In recent years, many Xooglers (that’s what former Googlers call themselves) left Google and went on to start-up new businesses and made headlines everywhere. Some of the companies were acquired by Google and the founders started working for Google again.
Ooyala is a platform for online video publishing and monetization. Founded by ex-Googlers Sean Knapp, Bismarck Lepe, and Belsasar Lepe in 2007, it links ads to video content, and provides a host of additional enterprise-level features, including analytics and mobile delivery.
Since launch, Ooyala and its video platform Backlot have been used by major companies to manage and monetize their video assets, including Dell, Electronic Arts, Hearst Corporation, and Telegraph Media Group.
Planting malware on innocent websites is a convenient way for cyber-criminals to distribute viruses without e-mailing each of their victims individually. The sites that they target often end up remaining on the blacklists of security software and search engines even after they’ve removed the problem.
Dasient helps sites by monitoring for malicious code so they won’t end up on the dreaded blacklist. Two of the three founders who launched the company in 2009 are former Google employees. Neil Daswani was a Google security engineer manager and Shariq Rizvi was a member of Google’s Webserver and App Engine teams. The third founder, Ameet Ranadive, is a former McKinsey strategy consultant.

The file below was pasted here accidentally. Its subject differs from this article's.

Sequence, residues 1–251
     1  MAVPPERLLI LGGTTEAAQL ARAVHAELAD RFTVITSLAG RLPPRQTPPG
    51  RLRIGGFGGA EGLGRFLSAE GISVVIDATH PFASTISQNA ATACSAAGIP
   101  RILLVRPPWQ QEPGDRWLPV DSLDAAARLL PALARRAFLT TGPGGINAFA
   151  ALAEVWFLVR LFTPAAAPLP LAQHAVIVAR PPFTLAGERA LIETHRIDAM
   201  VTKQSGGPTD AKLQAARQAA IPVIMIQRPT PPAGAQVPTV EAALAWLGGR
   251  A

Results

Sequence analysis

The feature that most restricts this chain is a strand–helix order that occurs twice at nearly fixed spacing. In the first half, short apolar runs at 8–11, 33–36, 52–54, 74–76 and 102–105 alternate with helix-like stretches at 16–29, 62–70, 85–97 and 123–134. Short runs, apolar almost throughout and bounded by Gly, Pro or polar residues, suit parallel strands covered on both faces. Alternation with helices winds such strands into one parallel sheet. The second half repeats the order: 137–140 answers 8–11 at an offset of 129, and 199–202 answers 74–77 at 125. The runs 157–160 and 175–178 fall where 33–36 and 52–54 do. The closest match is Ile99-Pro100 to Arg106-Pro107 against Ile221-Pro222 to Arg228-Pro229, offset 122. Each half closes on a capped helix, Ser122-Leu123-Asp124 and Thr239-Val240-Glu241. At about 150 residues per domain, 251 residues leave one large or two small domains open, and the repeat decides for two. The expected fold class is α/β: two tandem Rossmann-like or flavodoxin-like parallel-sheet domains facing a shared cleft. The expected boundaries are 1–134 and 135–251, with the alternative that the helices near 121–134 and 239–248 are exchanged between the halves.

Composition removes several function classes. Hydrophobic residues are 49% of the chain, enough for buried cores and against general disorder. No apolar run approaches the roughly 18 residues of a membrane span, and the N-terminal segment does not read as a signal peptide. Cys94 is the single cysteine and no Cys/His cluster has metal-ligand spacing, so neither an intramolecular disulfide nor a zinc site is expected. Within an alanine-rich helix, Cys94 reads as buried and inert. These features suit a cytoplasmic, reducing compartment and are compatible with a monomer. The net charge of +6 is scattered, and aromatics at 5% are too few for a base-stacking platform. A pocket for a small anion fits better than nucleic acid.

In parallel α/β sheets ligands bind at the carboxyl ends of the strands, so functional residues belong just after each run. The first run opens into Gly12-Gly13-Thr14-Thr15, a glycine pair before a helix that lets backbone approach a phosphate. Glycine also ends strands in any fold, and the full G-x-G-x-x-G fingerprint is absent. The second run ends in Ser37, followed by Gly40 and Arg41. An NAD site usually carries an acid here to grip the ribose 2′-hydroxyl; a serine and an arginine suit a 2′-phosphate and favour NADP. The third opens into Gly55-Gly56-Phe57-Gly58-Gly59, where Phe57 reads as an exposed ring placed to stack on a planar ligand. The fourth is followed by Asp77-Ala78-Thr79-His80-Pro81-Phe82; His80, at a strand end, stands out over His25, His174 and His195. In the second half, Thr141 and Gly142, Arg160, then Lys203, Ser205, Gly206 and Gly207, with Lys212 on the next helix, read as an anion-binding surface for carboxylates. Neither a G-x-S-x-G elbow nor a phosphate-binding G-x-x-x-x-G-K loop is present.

Created by the guys who founded the Google AdWords API team in 2004, TellApart works with a company’s own e-commerce data to identify their best customers and predict who will be their best customers in the future. It also creates customized display ads for those customers, and serves them off-site.
It’s not surprising that Anna Patterson, a former architect of Google’s search index, went on to create a search engine. It is unusual to find a search engine that departs from the standard list of blue links. Cuil algorithmically clusters results so that a search for “Abraham Lincoln” creates separate report pages for the “USS Abraham Lincoln,” “President Abraham Lincoln” and the “Abraham Lincoln Brigade.” In addition to traditional search results, it combines the documents to create a “report” with information groups and key words within the topic.
FriendFeed allows users to share photos, articles, and other media in a news feed for their friends to “Like” or comment on. After shamelessly borrowing the startup’s key features, Facebook bought FriendFeed in 2009, taking with it FriendFeed co-founder and Gmail creator Paul Buchheit.
Redbeacon is like an updated version of Craigslist that helps users locate qualified service providers for nearly any job. Users submit the type of work to be done, along with the required time frame, and local professionals compete for the work with price quotes and availability.
When a user chooses who they want for the job, Redbeacon allows them to book the service online. It’s not quite the startup you would expect from founders Ethan Anderson and Aaron Lee, who were responsible for launching Google’s video product before the YouTube acquisition in 2006, or from Yaron Binur, who led the development of Google News
7. Mixer Labs